- Access to a quality early childhood education program for all children.
- Children acquire basic skills for life and learning through engaging in quality play-based early learning programs.
- Early learning facilitates the transition to primary school and has a direct and positive effect on future educational, employment and health outcomes.
- Over the longer term, early childhood education generates substantial cost savings through improved health and productivity and reduced expenditure on social services.
Enacting quality early childhood education and care
Professor Joseph Sparling co author of the Carolina Abecedarian Project will be in Darwin for two weeks in late August/early September. Professor Sparling will be working closely with Early Childhood Policy and Regulations to:
- Provide master training (2-3days) to the Families as First Teachers Indigenous Parenting Support Services (FaFT-IPSS) program advisors around the conversational reading element of abecedarian
- Provide a one day training program for all 21 FaFT-IPSS family educators in the conversational reading element of abecedarian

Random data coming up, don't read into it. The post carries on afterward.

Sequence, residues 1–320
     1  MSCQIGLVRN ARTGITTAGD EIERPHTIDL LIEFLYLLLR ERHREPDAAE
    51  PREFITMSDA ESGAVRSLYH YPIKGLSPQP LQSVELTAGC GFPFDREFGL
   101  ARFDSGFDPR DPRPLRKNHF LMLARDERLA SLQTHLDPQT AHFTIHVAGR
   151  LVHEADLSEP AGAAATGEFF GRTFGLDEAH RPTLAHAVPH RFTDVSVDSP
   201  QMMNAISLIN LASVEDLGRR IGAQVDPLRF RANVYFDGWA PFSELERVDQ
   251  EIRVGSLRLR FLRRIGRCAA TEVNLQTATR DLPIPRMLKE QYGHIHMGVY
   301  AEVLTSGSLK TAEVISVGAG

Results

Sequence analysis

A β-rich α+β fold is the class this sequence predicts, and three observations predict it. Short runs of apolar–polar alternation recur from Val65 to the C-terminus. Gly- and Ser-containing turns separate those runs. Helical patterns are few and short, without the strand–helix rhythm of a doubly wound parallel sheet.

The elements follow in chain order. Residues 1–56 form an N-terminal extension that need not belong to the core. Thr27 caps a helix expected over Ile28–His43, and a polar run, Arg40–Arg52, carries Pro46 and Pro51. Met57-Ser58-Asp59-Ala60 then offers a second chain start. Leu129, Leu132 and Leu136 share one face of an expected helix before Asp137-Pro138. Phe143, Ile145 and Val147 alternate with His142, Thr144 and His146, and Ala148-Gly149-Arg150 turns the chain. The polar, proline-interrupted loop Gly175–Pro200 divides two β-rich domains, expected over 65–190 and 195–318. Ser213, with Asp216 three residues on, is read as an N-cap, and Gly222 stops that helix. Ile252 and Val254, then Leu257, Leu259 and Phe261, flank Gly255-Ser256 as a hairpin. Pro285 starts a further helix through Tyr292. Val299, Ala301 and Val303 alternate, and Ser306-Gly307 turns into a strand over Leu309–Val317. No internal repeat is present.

- Provide an interagency presentation/lecture hosted by DET around possible implementation of abecedarian in the remote NT context
- Provide a presentation to DET executive board
- Visit a Families as First Teachers Indigenous Parenting Support Services site to build contextual understandings
- Negotiate possible implementation of the learning games element of abecedarian (scoping for future trials)
- Negotiate possible adaptation of learning games resources for the remote NT context.
The division is looking forward to working with Professor Sparling who brings his extensive experience and knowledge in early childhood intervention strategies to the unique Northern Territory context.
During May and June the Families as First Teachers Indigenous Parenting Support Services program supported the Indigenous Parent Factor team to deliver training in our three regional sites (Arnhem, Top End and Central/Barkley).
Indigenous Parent Factor is an evidence based program that reaches out to Indigenous parents with the aim to positively influence home learning and consequently improve Indigenous children’s chances to a successful start to the early years of schooling. The Program presented training workshops to Family Liaison Officers (FLO’s) and Assistant Teachers over 3 days and focuses attention on 3 inter-related modules: Successful Early Learning, Successful Learning to Read and Successful Learning to Write in the Early Years of Schooling (age group 0 – 8 years).